Musically, the cycle is probably the clearest example of Wagner’s use of the leitmotiv, the musical phrase associated with a personality, an emotion, or an idea, which he uses throughout the four operas to weave a dense, rich context. In a way, he’s playing with time: when Siegfried shatters Wotan’s spear, we hear the “treaty” motiv that takes us all the way back to Reingold and the settlement with the giants, which begins the slide into tragedy. Siegried’s own theme is first heard in the early parts of Walküre, a forecast of the demigod to come. A friend once complained to me that Götterdämmerung was nothing but grand opera; I explained that if he listened carefully, he’d realize that the three preceding operas were all there in the music, along with all the associations that went with the themes, which gives the final opera in the cycle a tremendous weight — the whole of the thematic content is right there, reiterated and given new connections.
Let me also point out that the music is glorious. Powerful, sensual, evocative, passionate, it is some of the most beautiful and most compelling music ever written.
The drama inherent in these operas is amazing, and this is where the cast bears discussion. Whether these works live or die is dependent entirely on how they are performed, and the cast in this set of recordings is peerless. I had never heard Astrid Varnay, the legendary Wagnerian soprano who sings Brünnhilde, and she was an eye-opener. She reveals a powerful voice that also possesses a particular brightness and flexibility that makes her a completely believable — and very human — demigoddess. Hans Hotter’s Wotan is amazing, as well. I was used to his later recording with Sir George Solti (my version on vinyl), in which his voice was in trouble (he was at the end of his career in the early 1960s) but his acting was in a class by itself. In this version, the voice is younger and stronger and the acting is still superb. He even makes the dreaded Act II of Die Walküre not only bearable, but interesting — I was hanging on every word — while the Leb’ wohl at the end of Act III is still heartbreaking.. Gustav Neidlinger owned the role of Alberich in the 1950s and into the 60s; he is not, here, quite the spitting mass of venom that he portrays in Solti’s recording, but he is chilling and superbly effective, a walking obsession. Regina Resnick as Sieglinde and Ramon Vinay as Siegmund bring something special to Die Walküre: Resnick, in the days before she took on mezzo roles, brings a sensuous weight to her portrayal, while Vinay’s Siegmund is understated and only more powerful for that, turning the Todesverkundigung at the end of Act II into something completely devastating. I was in tears. Wolfgang Windgassen as Siegfried was something new when this recording was made. The great heldentenors of the 1930s and ’40s had heavier, “meatier” voices; Windgassen provides a young-sounding Siegfried, bright, energetic, bumptious, and even mischievous. He has always been my idea of Siegfried, from Solti’s recording, and this one just bears out that impression — the Forging Scene is spectacular. These and the rest of the cast bring the “drama” part of these music dramas to life, proving something that I’ve always believed: you can get away with just singing a role by Verdi, Rossini, even Mozart or Puccini, but if you’re going to do Wagner without getting swallowed whole, you’ve got to sing and act as if your life depended on it.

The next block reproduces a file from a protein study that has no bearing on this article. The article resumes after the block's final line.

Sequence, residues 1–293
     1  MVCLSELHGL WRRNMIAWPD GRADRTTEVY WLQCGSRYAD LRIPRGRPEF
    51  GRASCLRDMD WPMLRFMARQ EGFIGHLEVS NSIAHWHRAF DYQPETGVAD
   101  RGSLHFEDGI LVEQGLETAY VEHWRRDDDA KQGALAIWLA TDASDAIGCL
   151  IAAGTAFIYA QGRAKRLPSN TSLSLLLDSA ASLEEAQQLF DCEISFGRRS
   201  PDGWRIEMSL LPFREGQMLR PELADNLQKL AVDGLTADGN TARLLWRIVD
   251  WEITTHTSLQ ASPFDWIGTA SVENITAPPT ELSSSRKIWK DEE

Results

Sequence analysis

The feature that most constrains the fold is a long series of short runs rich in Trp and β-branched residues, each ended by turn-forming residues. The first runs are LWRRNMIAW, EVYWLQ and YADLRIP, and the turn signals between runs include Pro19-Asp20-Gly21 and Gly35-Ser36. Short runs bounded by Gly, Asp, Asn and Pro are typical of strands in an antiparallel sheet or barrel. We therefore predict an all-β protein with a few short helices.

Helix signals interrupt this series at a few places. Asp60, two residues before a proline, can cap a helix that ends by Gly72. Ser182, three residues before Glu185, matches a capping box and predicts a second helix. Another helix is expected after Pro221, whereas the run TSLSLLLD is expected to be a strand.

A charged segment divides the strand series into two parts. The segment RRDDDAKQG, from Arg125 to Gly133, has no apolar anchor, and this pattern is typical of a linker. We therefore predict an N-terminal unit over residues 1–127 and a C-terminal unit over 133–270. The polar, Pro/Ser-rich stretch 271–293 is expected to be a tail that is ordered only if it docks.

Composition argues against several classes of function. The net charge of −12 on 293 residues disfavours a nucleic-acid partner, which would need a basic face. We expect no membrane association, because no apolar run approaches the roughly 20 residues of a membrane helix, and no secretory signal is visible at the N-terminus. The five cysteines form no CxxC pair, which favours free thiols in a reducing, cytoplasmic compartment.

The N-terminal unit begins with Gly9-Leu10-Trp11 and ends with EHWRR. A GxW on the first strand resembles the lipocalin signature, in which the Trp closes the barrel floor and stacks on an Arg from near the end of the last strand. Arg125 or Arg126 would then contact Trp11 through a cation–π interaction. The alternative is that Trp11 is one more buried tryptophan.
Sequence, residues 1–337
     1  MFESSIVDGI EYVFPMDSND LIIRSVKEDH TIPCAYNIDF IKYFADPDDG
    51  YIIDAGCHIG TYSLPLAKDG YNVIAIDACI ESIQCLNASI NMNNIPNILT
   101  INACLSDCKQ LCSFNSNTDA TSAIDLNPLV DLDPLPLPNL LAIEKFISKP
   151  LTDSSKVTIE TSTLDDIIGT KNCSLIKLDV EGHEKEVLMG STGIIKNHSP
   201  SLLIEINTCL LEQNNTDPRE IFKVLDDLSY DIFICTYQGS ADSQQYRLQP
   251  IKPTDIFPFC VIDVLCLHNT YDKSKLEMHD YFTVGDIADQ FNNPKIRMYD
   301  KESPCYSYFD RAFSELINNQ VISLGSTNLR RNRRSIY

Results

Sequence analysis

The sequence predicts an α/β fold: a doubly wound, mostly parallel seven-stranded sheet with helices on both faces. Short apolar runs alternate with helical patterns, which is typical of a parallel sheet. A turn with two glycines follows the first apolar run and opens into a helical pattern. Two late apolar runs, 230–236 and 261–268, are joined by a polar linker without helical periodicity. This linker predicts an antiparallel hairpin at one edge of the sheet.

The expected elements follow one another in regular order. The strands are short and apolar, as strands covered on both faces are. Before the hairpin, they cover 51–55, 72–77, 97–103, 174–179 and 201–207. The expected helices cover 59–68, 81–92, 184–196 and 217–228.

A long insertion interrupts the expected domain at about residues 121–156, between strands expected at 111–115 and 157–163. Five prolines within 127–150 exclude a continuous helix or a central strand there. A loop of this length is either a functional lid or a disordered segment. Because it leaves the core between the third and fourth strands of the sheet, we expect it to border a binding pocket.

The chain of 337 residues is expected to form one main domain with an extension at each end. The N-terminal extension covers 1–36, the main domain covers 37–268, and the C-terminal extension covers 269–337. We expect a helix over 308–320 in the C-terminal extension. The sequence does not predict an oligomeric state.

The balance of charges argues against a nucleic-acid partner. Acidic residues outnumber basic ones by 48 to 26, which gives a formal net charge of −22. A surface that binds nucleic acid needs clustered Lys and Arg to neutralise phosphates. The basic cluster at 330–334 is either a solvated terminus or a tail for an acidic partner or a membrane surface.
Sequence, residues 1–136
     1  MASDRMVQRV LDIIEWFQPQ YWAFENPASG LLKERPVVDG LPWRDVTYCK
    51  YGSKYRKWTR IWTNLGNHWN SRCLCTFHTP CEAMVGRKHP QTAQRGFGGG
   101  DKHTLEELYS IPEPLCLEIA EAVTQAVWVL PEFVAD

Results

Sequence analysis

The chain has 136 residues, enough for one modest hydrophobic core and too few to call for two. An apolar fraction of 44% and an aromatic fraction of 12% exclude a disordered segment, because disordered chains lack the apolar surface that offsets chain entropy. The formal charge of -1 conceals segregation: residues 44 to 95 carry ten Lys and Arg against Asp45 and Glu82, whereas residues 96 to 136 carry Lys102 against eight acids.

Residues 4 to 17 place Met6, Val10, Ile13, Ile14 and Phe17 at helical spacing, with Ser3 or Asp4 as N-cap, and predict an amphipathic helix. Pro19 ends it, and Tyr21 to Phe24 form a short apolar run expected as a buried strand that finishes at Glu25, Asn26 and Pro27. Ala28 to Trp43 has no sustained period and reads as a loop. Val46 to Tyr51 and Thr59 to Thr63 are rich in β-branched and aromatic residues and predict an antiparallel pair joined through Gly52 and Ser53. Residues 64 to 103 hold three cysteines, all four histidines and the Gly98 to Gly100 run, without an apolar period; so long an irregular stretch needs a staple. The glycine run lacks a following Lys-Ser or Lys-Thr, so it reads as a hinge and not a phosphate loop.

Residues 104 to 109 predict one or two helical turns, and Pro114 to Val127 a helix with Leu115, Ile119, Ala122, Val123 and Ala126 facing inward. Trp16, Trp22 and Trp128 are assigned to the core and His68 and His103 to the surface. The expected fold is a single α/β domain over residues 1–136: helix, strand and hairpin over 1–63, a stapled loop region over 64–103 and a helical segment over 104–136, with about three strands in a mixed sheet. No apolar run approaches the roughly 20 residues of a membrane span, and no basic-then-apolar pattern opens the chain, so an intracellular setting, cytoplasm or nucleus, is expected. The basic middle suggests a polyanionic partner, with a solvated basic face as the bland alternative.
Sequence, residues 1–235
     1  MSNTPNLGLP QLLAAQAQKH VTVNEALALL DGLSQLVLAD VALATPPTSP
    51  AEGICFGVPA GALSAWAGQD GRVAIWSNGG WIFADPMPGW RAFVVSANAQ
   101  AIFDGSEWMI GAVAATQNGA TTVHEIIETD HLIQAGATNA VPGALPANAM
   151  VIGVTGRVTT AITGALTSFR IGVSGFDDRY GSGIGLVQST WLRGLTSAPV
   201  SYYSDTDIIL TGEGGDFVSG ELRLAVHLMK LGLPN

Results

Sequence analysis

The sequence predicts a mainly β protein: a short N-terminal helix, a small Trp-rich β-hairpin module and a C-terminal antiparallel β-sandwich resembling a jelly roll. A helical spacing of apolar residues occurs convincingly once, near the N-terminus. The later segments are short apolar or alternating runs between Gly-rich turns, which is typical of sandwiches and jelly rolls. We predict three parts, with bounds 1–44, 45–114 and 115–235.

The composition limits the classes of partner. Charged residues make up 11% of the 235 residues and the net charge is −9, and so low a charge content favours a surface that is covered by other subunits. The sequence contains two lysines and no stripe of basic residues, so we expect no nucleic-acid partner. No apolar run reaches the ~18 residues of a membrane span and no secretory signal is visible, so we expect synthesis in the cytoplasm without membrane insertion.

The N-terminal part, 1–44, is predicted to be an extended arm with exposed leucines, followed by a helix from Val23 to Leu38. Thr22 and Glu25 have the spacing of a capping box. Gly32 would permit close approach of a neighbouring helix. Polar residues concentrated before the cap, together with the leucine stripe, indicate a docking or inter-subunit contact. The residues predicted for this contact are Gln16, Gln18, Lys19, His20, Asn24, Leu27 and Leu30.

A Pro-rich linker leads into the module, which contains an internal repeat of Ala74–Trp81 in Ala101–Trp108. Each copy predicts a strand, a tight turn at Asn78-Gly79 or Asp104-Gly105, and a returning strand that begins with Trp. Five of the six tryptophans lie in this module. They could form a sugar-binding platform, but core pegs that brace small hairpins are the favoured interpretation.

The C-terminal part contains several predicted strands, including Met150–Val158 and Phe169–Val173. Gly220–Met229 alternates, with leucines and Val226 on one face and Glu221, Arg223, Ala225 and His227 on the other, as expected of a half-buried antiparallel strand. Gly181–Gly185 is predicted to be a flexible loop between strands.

Clemens Krauss manages to combine all the strengths of the best-known interpreters of Wagner — Solti’s stately majesty, von Karajan’s fine balance of intensity and intimacy, Furtwängler’s dark-edged moodiness, Levine’s intelligence and clarity — and adds a measure of humanity that is the cherry on top. This is a truly insightful reading, going right to the core of every character, every theme, every idea, and laying out plainly what is implicit in the score. Krauss has managed to build into this cycle a kind of momentum that carries the story along effortlessly, and the audience along with it. This recording has been called “the best on records” (New York Times) and the “most compelling and best cast” (Gramophone), and I think I have to agree. (No, I haven’t heard them all, but I’ve heard enough.) If it’s any help, I have Die Walküre in my CD wallet that goes with me everywhere, right there with Depeche Mode. I’m almost ready to change to Siegfried.
(Allegro Music, 2006)